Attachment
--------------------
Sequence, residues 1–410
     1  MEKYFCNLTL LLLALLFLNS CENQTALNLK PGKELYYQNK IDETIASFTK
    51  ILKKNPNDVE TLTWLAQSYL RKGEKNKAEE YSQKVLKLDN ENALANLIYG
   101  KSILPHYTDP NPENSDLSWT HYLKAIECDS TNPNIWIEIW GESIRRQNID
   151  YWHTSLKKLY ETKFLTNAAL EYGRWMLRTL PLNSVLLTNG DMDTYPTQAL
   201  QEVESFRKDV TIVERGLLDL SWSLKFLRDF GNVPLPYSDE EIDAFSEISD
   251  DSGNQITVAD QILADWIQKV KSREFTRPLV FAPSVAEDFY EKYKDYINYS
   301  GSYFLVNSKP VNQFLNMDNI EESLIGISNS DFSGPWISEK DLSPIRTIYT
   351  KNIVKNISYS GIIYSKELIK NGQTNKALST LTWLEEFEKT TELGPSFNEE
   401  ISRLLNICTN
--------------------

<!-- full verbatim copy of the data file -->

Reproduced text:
Sequence, residues 1–410
     1  MEKYFCNLTL LLLALLFLNS CENQTALNLK PGKELYYQNK IDETIASFTK
    51  ILKKNPNDVE TLTWLAQSYL RKGEKNKAEE YSQKVLKLDN ENALANLIYG
   101  KSILPHYTDP NPENSDLSWT HYLKAIECDS TNPNIWIEIW GESIRRQNID
   151  YWHTSLKKLY ETKFLTNAAL EYGRWMLRTL PLNSVLLTNG DMDTYPTQAL
   201  QEVESFRKDV TIVERGLLDL SWSLKFLRDF GNVPLPYSDE EIDAFSEISD
   251  DSGNQITVAD QILADWIQKV KSREFTRPLV FAPSVAEDFY EKYKDYINYS
   301  GSYFLVNSKP VNQFLNMDNI EESLIGISNS DFSGPWISEK DLSPIRTIYT
   351  KNIVKNISYS GIIYSKELIK NGQTNKALST LTWLEEFEKT TELGPSFNEE
   401  ISRLLNICTN